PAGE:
Cornell also promised that Target would become more responsive to its shoppers through increased localization and personalization in stores and online. Going forward, it would focus on signature categories of style, baby, kids and wellness, and reduce bureaucracy and complexity. And he launched LA25, an innovation initiative that used 25 Los Angeles-area stores to test 50 of Target’s top new ideas.
Two years later, not much has happened—on the surface—other than last year’s very successful launch of a new kids’ clothing brand, Cat and Jack. In the following months, Target said spending on kids’ apparel at its stores increased more than 50 percent. It is now on track to generate about $2 billion in annual sales, and replaced two old brands that were generating a total of about $1 billion a year.
But overall sales have flat lined, while Wal-Mart’s and Amazon’s have risen. Same-store sales for fourth-quarter 2016 fell 1.5 percent; for the year they slipped 0.5 percent. The company’s full-year sales fell 5.8 percent to $69.5 billion. The majority of that drop, however, was due to Target selling its pharmacy and clinics to CVS, which is now running them in Target stores. Adjusted for that, Target’s full-year sales were down less than 1 percent.
Target’s new concept store opening in October will come eight months after Wal-Mart unveiled its next generation of stores, also in suburban Houston.
Wal-Mart’s “smart store” offers an expanded produce section and new approaches to technology (including its new Scan and Go app), services, products and layout. As Target plans to do, the new Wal-Mart stores have a separate entrance for grocery. And like Target’s partnership with Starbucks, which is located in more than 1,000 of its stores, Wal-Mart’s new stores will house a 2,000-square-foot Chobani Café (Chobani’s second store of this kind opened in Target’s Tribeca location in 2016).
Wal-Mart plans to remodel up to 600 stores this year, and is rolling out curbside pickup of online grocery orders to 500 additional U.S. stores, eyeing busy suburban moms who don’t want to spend time searching for things in a big store.
It also plans to create a lounge-like area for shoppers picking up online orders, increase the number of fresh and organic items available (as does Target) and expand several departments—all food, except the baby department—one of Target’s four core categories.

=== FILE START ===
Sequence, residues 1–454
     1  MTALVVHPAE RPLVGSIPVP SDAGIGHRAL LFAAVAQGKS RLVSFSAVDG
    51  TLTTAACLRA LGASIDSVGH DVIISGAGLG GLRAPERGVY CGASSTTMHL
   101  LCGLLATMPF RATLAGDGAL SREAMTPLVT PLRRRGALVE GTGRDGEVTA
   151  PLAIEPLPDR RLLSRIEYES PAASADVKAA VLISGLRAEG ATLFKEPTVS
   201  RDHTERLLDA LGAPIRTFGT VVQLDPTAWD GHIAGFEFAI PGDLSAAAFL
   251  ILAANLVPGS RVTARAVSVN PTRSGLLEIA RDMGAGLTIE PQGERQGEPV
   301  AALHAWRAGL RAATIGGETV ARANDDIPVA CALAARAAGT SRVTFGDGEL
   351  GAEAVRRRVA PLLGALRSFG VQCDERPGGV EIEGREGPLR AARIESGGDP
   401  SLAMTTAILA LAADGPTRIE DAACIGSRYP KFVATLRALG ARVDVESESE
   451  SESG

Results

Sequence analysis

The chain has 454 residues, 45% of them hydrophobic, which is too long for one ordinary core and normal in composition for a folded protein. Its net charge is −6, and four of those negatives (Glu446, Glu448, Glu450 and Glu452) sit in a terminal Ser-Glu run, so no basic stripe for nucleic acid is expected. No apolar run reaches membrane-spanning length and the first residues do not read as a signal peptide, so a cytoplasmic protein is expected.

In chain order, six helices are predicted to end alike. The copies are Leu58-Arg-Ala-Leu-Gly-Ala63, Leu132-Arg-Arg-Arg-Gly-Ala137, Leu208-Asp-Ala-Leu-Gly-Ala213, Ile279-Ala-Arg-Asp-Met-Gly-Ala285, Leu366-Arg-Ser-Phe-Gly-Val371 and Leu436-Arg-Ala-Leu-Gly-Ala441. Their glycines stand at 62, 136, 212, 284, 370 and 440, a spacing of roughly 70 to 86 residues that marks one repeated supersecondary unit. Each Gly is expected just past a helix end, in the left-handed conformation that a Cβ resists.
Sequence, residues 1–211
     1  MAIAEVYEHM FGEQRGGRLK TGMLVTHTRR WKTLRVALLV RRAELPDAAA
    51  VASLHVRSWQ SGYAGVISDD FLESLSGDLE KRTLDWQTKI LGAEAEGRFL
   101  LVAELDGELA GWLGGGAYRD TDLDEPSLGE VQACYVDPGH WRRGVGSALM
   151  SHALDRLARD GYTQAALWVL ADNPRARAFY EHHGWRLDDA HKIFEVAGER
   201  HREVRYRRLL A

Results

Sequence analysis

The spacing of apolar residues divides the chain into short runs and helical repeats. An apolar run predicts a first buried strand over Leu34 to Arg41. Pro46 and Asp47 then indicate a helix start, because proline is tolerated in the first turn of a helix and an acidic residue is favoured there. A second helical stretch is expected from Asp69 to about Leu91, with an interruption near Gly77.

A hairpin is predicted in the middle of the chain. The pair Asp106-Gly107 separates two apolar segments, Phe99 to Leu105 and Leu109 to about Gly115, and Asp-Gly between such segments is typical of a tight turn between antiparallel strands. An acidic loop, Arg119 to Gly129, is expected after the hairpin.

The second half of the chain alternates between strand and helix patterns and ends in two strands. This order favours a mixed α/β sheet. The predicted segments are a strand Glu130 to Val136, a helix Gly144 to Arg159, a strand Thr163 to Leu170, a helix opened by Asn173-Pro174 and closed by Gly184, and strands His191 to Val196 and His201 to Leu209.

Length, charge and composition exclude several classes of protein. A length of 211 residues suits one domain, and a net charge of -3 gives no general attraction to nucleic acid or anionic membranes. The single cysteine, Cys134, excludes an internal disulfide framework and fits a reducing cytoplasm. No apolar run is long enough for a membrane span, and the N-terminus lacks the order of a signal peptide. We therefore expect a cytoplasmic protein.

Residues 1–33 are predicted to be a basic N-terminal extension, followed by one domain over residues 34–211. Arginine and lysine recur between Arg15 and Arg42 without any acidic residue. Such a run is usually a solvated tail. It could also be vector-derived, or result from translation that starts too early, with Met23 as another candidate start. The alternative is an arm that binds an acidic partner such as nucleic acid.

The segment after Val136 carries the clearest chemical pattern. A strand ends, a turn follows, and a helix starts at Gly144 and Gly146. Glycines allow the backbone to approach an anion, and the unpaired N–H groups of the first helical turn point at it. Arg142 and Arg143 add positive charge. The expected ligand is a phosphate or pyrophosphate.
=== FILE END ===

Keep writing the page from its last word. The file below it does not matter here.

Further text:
On the one hand, that’s good; many other retailers reported worse results, and more than 20 of them are shuttering more than 5,000 stores as a result. Target’s still generating hefty revenues and good earnings (due primarily to cost cutting). But Cornell and his executive team are keenly aware that it has to do better.
Behind the scenes, they have been quietly reconceptualizing the notion of innovation. Target has conducted pilot programs and tests around the country, ranging from how stores should look to what should be on its shelves, and how things should be delivered to customers’ homes. It has re-engineered its product development process to produce new brands more quickly while incorporating more revisions. It also seems to now have a continual-learning and improvement loop. With Cat and Jack’s rollout, for example, it continued to look for ways to improve future new-brand development and rollouts.
Target’s $7 billion investment plan is expected to leverage these advancements, with more new brands and a store remodeling campaign that is expected to increase revenue per store by 2 to 4 percent—not only because of display changes, but because the stores will be more technologically enabled. That technology is expected to reach into how inventory is restocked, orders are shipped, and product development and marketing departments tweak what they’re working on next.
“Data analytics have to fuel virtually everything we do right now,” Cornell says. “We’re putting a big premium on experience, both physically and digitally. We’re putting a huge premium on the assortment of brands, both our own and from great vendor partners. We’re obviously making a big bet on the importance of fulfillment, and all of that has to be underscored by the feedback we get from our consumers and our guest insights, and the data analytics that help us make better choices more rapidly. All of this has to come together to create a brand that is going to be preferred and relevant in today’s retail environment.”
Retailers offer products made by other well-known brands. But to differentiate and really spruce up their offerings, they can either buy brands or develop their own. Wal-Mart recently made aggressive moves into apparel with its acquisition of Bonobos, Moosejaw, Shoebuy.com and Modcloth.com—all more similar to the types of things the Target of old used to sell.
Target’s betting that developing its own brands is the way to go. And it’s amped up its product development time. It used to introduce a new product line once every year or two. Now it’s more than 12 in 18 months.
“In today’s environment, understanding what the guest wants from Target, having those unique products that differentiate us from the competition and that you can only find in our stores [or on its website] is really important,” Cornell says. There will still be limited, one-time offerings with designer celebrities, “but our own proprietary brand portfolio provides lasting benefits to us.”
One of those lasting benefits is in how each new brand is configured to help sell other products.
“We are now up to almost one full year with Cat and Jack and we continue to see double-digit [sales comparisons year over year], but more importantly what we see is our guests’ basket build, the size of their spending increases and the size of their spend, not just in Cat and Jack but the surrounding areas,” says Mark Tritton, EVP and chief merchandising officer. “There’s the value that it’s brought to our guests and there’s how it resonates through the store. So it’s not just the idea about this one area, it’s the sum of the parts.”
Developing its own brands allows Target to control the quality and costs associated with them. The new Goodfellow & Co. men’s line will replace two other brands (Mossimo and Merona). Fabric selecting and sourcing alone cost less than how it was done for the outgoing brands, according to Julie Guggemos, senior vice president of product design and development.